Chinese inflation decoded

As we know, Chinese inflation further accelerated in June.  The headline Consumer Price Index (CPI) rose 6.4% compared to a year ago, vs. 5.5% in May.  This is slightly above consensus estimate of 6.3%.

Less well understood, however, is how significant food prices are in this equation. Looking at prices in different categories, food prices inflation is the leading factor, rising 14.4% yoy in June, accelerated from 11.7% in May, while non-feed prices have only risen by 3.0% yoy vs. 2.9% yoy in May.  To put it bluntly, food inflation is out of control.  Unlike earlier this year when vegetable prices were leading the gain, meat products are the major category of food items which led the increase.  Meat products prices rose by 32.3$ yoy in June, rising from 24.3% in May, going  out of control as we know that pork prices have been on the rise.

On a month-on-month basis, the headline inflation rose 0.3% in June.  Food prices rose by 0.9% mom in June vs. –0.3% in May, but non-food prices was stable, rising 0%, vs. 0.2% in May.

In another note, the Producer Price Index (PPI) rose 7.1% yoy vs. 6.9% in May, slightly higher than consensus again.

If we take away food, inflation is modest.  In fact, there is no inflation whatsoever in non-food item if you look at the month-on-month figure.  In that sense, you can say that perhaps inflation in China is somewhat under control, but not if you include the food category.  Of course, the latest PMI figure shows that prices pressure may be easing, but the effect is yet to be seen on the CPI figure.

On the whole, it is very hard to claim with much certainty that inflation is under control.  The inflation report blames the so-called carryover effect, which means the the year-on-year figure shows acceleration not due to the latest price increases, but on inflation of the previous period.  If we look at non-food item, it is probably true, as inflation in non-food item is practically non-existent, but it is harder to tell as far as the food picture is concerned.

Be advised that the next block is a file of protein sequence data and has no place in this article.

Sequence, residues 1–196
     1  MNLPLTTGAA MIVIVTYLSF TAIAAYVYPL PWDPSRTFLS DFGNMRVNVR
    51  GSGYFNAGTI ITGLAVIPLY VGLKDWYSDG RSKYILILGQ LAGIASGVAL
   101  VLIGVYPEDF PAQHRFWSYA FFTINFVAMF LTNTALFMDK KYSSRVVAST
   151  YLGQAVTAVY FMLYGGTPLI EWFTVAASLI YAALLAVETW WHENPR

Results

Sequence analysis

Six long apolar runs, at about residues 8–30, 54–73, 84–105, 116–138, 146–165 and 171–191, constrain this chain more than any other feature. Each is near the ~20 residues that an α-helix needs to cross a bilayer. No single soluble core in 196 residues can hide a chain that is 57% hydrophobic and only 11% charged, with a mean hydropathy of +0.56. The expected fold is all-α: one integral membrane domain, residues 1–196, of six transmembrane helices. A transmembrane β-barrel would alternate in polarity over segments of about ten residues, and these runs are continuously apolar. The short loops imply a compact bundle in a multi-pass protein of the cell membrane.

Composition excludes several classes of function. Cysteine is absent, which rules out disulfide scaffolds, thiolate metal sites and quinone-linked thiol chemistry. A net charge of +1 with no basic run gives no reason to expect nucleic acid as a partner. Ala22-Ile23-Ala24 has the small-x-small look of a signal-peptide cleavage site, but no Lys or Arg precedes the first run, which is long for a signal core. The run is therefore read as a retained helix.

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  1. Thats OK china been buying ozzy farms to export food direct to china…how many billions does australia owe china?? food shortages might be coming to ozzyland.

  2. China’s headline CPI (including food) averaged 0.1% (monthly) for the last 4 months.

    Inflation “out of control” sorts need to argue that food prices will continue rising strongly from here to derive an “out of control” CPI over the next 6 months. Given many food prices have fallen in recent weeks/months (both in China and globally), we need new large negative supply shocks to get this outcome.

    If we don’t see more large negative supply shocks, China’s inflation will roll over in 2H11.

    • It doesn’t look like the CPI is seasonally adjusted, so the average of 0.1% for the last 4 months can’t be take in isolation. Compared to the same four months of the previous two years, that’s dire!

  3. USA does not measure food for inflation (nor housing). Is it conceivable then, that something similar is happening there?

  4. I suppose that their overstimulated economy puts more and more money in the hands of some people and also keeps the flow of workers from rural communities to cities where they find construction jobs paying more than what they were making in their farming jobs. While you can quickly ramp up your construction the same can’t be easily done with farming so more money in the cities drives up the price of food. Their “core” inflation is quite low since they are able to supply non-farm, especially manufactured products to cope with demand.